Budget Battle Shuts Down Government


O. Douliery/Abaca Press/MCT

For the first half of October, all national parks were inaccessible due to the country’s government shutdown.

Cole Sitar and Andrew Johnston

When President Barack Obama signed a temporary funding bill for the US government into law on the night of Oct. 16, he brought a 16-day government shutdown and the chaos it created to an end.

This government shutdown was the result of both a Republican drive to defund Obamacare, and of the Democratic response to their efforts. In February 2013, a core group of 80 Tea Party associated Republican Congressmen and 18 Senators pledged to refuse any budget proposal that would not completely defund Obamacare. Over the following months, this group pressured other Republican representatives into accepting their plan. Several Republicans who were opposed to refusing to fund Obamacare, including Senator Richard Burr (R-N.C.), had negative advertising campaigns launched against them in their home districts by Tea Party linked political action groups.

Because the Republican Party holds a solid majority in the House of Representatives, it was able to write and pass two budgets which funded the federal government for 2014, but cut all funding to Obamacare. Each of these budgets was rejected by the Democrat controlled Senate and denounced by the White House. Finally, on Oct. 1, the 2014 fiscal year began with no federal budget, and the government shutdown began.

The government shutdown of 2013 was a dramatic example of political disunity, but it is far from unique. The last shutdown was in 1995-1996, under Bill Clinton. In fact, the 1995-1996 shutdown lasted for 21 days, and remains the longest government shutdown to date.

Although the Antideficiency Act of 1884 requires that government agencies keep a skeleton crew during a shutdown, and the Pay Our Military Act was passed in time to keep the armed forces running, most nonessential services and employees were frozen until funding was restored. Among the government services closed were national parks, IRS tax assistance programs, FDA food safety inspections, and CDC disease tracking.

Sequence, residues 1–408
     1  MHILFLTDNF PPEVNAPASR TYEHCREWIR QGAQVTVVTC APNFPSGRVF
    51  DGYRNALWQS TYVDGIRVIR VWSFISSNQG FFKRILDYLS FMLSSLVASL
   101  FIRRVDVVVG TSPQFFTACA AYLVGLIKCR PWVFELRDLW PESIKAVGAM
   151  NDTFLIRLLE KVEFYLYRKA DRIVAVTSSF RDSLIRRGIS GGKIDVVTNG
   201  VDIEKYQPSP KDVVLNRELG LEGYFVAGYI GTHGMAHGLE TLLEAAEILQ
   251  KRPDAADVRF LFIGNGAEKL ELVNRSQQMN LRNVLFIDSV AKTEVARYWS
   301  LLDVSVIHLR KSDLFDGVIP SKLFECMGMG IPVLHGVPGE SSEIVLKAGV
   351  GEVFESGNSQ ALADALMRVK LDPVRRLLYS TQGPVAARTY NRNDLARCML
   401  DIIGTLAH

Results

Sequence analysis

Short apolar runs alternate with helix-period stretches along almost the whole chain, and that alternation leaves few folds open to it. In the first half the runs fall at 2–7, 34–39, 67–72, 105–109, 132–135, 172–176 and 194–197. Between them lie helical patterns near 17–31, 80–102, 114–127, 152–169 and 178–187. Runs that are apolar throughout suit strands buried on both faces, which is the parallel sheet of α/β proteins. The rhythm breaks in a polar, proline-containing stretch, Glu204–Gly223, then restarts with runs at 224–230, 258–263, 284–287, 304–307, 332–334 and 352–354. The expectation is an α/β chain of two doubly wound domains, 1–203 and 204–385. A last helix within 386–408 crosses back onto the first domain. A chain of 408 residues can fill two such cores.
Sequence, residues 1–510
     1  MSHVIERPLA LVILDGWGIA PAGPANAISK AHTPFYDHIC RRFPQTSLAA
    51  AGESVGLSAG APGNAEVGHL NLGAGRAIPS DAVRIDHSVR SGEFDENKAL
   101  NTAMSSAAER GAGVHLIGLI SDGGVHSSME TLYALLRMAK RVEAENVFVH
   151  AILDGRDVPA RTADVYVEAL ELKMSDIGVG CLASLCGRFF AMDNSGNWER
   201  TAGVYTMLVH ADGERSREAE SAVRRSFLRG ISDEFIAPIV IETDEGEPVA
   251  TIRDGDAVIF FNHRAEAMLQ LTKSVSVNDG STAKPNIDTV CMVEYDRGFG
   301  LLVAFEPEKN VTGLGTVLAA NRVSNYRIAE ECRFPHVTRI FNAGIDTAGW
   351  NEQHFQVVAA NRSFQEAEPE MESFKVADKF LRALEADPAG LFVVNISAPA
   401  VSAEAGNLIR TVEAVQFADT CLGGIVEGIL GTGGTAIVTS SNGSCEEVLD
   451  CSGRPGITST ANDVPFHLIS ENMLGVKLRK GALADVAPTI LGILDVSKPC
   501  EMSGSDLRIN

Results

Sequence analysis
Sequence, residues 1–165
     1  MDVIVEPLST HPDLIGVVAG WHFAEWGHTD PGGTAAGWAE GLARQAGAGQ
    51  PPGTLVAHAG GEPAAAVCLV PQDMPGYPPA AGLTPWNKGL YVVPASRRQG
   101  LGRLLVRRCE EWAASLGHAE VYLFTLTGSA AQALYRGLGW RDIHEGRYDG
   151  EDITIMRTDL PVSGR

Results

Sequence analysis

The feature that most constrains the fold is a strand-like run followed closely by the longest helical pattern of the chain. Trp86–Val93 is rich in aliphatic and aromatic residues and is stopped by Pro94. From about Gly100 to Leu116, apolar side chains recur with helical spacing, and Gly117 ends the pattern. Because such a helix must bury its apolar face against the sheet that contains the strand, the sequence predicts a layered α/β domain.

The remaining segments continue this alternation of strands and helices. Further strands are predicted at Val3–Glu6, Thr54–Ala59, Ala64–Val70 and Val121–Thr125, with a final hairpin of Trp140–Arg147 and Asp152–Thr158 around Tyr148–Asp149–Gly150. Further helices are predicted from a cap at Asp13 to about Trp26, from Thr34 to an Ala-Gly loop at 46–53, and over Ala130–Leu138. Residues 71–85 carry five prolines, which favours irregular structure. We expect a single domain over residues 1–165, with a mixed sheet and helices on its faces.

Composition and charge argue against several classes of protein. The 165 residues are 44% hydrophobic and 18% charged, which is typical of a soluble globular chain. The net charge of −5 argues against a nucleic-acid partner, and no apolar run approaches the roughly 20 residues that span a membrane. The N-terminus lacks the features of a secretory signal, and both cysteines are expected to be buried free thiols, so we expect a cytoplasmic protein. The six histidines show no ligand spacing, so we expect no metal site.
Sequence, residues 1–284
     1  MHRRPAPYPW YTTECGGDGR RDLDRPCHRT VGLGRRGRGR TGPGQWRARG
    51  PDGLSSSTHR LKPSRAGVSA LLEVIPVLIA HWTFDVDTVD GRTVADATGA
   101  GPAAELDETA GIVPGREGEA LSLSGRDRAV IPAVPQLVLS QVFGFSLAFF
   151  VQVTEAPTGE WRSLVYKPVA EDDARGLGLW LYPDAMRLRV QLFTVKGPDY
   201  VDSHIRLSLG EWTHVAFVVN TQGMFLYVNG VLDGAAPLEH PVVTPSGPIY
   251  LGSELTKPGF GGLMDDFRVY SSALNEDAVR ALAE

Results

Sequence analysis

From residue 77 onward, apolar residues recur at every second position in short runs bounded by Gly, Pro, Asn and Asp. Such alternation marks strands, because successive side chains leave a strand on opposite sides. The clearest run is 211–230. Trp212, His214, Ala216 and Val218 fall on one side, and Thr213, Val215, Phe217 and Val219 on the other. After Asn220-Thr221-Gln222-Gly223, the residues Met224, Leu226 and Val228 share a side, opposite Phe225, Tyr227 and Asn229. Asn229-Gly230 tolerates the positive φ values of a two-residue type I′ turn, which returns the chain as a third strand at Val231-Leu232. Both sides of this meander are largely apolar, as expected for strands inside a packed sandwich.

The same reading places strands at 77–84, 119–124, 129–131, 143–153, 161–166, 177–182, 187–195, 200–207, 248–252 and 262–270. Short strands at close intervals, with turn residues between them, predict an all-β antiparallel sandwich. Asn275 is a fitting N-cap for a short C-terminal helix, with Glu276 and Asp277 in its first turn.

Many Miramonte students experienced the effects of the shutdown firsthand after an earthquake in the early morning of Oct. 15. “I went on the USGS website to see where the earthquake was, and it wasn’t reported on the site. There was just an announcement that the USGS couldn’t keep their map updated very well because of the shutdown,” junior Alex Eberle said.

The crisis gained a new dimension on Oct. 2, when Obama announced that he would not pass any budget which would not raise the debt ceiling. If the debt ceiling is not raised before it is reached, the U.S. defaults on its debts to other countries. “If the US defaults, the economic damage would be really, really bad. It would be like nuclear damage for the economy,” Miramonte Government and Economics teacher Nader Jazayeri said.

The debate over the debt ceiling during the shutdown was only the continuation of a fierce political battle which began in January. This is the same fight which caused the sequester to be triggered in March. According to Jazayeri, the sequester’s huge, nonspecific cuts to government funding “really didn’t even buy the government more time to raise the debt ceiling again.”

During the shutdown, Republicans in the House passed nine bills to restore funding to certain government functions including Veterans Affairs and FEMA. Democrats in the Senate dismissed them as attempts to ease the pressure which shutting down the government had put on them. Each bill was rejected, and all government funding was cut until a final solution was reached.

After more than two weeks of unsuccessful negotiations in the House of Representatives, Republicans in the Senate decided to step in to end the shutdown. Republican Senate Minority Leader Mitch McConnell and Senate Majority Leader Harry Reid put together a bill, which funds the government until January 2014 and suspends the debt ceiling until February 2014, and pressured House Republicans to take the deal. On Oct. 16, the bill passed the House with the support of every Democrat and 87 Republicans. It was approved by the House and signed into law by President Obama just hours later.

The shutdown was politically damaging for both parties, but more so for the Republicans.  After 16 days of chaos and bad publicity, all that the Republicans gained in the final budget plan were stricter income verification standards for Obamacare users. On Oct. 18, a CNN poll showed that 52 percent of Americans blamed Republicans for the shutdown, and that 38 percent blamed Democrats. Even House Majority Leader John Boehner admitted that “We fought the good fight, we just didn’t win.”

However, many Americans, including Jazayeri, believe that assigning winners and losers to the shutdown trivializes the damage that it caused. “When there is a government shutdown, everybody loses. The American people lose,” Jazayeri said. Financial analyst Standard & Poor’s seems to agree with him. It has calculated the shutdown’s cost to the economy to be $24 billion, and predicted that the shutdown will cut the country’s GDP by .6 percent this year.